Research ties dermatology workforce balance and melanoma outcomes
Phoenix — Findings from a study examining an association between dermatologist density and melanoma mortality suggest that better workforce distribution may lead to a population-level improvement in mortality related to this malignancy, reported researchers at the 2011 annual meeting of the Society for Investigative Dermatology.
"Using the data we collected to map dermatologist density nationwide shows a lack of dermatologists in the majority of counties but the presence of significant geographic disparity. The East and West Coast regions are fairly well saturated with dermatologists, while there appears to be a relative shortage throughout the center of the country," says Savina Aneja, B.A. "Based on the findings from our study, we would suggest that efforts to recruit dermatologists to areas that are currently underserved by the specialty, perhaps by creative incentives or tying residency positions or loan repayments to a contract of service, would be helpful for achieving a population-level reduction in melanoma mortality."
Ms. Aneja conducted the research as a third-year medical student at Case Western Reserve University School of Medicine, Cleveland, under the direction of Jeremy S. Bordeaux, M.D., M.P.H., assistant professor of dermatology, Case Western Reserve University School of Medicine, and director, melanoma program, University Hospitals of Cleveland.
Data for the study were extracted from the 2000 U.S. Census, Department of Health & Human Services Area Resource File, Centers for Disease Control and Prevention's National Vital Statistics System, the National Cancer Institute's Surveillance, Epidemiology and End Results, and the National Program for Cancer Registries.
Univariate analyses were performed to identify associations between a variety of possible predictor variables and melanoma mortality, and then independent predictors were investigated in a multivariate regression model.
Dermatologist density at the county level per 100,000 residents was calculated as a five-year mean for the period of 2002 to 2006, and the association with melanoma mortality was analyzed using cut-points of 0, >0 to 1, >1 to 2, >2 to 4, and >4 per 100,000. Using 0 dermatologists per 100,000 population as the reference group, the presence of >0 to 1 dermatologist per 100,000 people was associated with a statistically significant (35 percent) decrease in melanoma mortality, and there was a statistically significant (53 percent) reduction in areas where dermatologist density was >1 to 2.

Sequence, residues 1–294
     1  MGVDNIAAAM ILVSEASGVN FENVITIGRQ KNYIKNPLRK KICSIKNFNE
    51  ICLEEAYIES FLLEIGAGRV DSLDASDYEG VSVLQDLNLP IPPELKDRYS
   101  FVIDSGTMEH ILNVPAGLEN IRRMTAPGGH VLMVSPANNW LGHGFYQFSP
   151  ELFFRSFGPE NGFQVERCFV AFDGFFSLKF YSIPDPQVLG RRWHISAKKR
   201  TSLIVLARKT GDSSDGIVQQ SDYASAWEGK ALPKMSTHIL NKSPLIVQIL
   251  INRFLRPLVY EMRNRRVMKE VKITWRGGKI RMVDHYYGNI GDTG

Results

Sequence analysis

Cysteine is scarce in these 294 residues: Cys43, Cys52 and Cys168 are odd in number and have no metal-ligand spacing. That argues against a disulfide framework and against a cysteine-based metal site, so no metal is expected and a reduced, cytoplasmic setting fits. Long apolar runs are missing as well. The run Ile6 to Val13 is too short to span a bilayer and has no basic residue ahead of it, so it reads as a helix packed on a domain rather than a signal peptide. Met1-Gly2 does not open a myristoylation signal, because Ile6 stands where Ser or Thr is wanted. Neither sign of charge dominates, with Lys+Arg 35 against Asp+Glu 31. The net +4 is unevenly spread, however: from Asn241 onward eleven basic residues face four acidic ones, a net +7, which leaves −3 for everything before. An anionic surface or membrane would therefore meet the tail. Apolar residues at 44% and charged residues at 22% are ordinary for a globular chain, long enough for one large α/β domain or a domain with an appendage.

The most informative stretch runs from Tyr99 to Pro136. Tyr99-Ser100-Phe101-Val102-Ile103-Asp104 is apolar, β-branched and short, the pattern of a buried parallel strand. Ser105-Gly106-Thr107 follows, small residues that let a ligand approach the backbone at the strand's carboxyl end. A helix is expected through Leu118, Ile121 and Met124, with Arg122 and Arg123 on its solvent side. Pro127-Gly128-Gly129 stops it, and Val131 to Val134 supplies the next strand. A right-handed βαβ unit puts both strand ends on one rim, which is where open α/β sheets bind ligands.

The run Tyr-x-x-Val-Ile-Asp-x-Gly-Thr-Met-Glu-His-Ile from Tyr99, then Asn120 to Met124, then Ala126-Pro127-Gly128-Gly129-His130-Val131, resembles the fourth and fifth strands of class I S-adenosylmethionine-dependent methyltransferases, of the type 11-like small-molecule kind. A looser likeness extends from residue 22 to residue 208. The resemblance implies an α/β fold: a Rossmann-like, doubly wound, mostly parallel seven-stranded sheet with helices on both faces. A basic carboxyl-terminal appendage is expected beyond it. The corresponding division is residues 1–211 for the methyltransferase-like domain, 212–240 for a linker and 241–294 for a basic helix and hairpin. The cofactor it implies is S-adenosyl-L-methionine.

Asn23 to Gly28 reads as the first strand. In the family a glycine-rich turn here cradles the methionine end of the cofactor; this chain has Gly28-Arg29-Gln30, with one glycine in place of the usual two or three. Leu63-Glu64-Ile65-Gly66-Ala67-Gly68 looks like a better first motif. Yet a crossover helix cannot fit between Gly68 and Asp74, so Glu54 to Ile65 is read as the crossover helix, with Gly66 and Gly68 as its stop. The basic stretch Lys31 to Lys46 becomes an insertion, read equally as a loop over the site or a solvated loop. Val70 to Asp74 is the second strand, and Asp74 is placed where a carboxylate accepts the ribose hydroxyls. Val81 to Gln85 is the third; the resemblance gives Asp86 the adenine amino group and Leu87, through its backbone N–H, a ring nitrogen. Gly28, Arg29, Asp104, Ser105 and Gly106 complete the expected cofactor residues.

The presence of >2 to 4 and >4 dermatologists per 100,000 population also significantly reduced melanoma mortality compared with having no dermatologists. However, the analyses showed a plateau effect such that the greatest reduction in mortality numerically was achieved in the category of >1 to 2 dermatologists per 100,000.
A previous study by Eide et al (Eide MJ, Weinstock MA, Clark MA. J Am Acad Dermatol. 2009;60(1):51-58), showing that higher dermatologist density was associated with a better prognosis for melanoma, defined by lower ratio of mortality:incidence, provided part of the motivation for undertaking the research, Ms. Aneja says.
"Recognizing that physician workforce can influence melanoma outcomes, we were interested in determining what density level made a difference in the rate of mortality," Ms. Aneja says.
The study by Eide et al also showed that increased family practitioner density was associated with worsening of melanoma prognosis, while internist density predicted better prognosis. The current study analyzed primary care physician density (internists, family care practitioners and pediatricians) as a predictive variable and found no association with melanoma mortality.
Classification as a health professional shortage area was also not associated with melanoma mortality, nor was age, education, income or unemployment rate. Variables that were significant predictors of reduced melanoma mortality were higher incidence of melanoma, greater proportion of Caucasians in the population, greater health insured populations, metropolitan county classification and presence of a hospital with an oncology department.
Ms. Aneja says that studies involving other specialties have also shown associations between provider density and healthcare outcomes as well as a plateau effect for density. For example, Odisho et al reported finding an association between urologist density and mortality rates for prostate, bladder and kidney cancer (Odisho AY, Cooperberg MR, Fradet V, et al. J Clin Oncol. 2010;28(15):2499-2504), but as in the melanoma study, increasing density above two urologists per 100,000 people did not further improve mortality outcomes for the urologic cancers.
"These findings suggest there may be a way to distribute specialists across the country to improve cancer outcomes," Ms. Aneja says.
The mechanism whereby increased dermatologist density contributes to reduced melanoma mortality is likely multifactorial. Earlier diagnosis, delivery of more appropriate treatment and improved education leading to better prevention as well as earlier diagnosis all probably play a role. "Our work is just a beginning to identifying possible strategies for reducing melanoma mortality. Studies determining how dermatologist density affects patient outcomes are worth pursuing," Ms. Aneja says.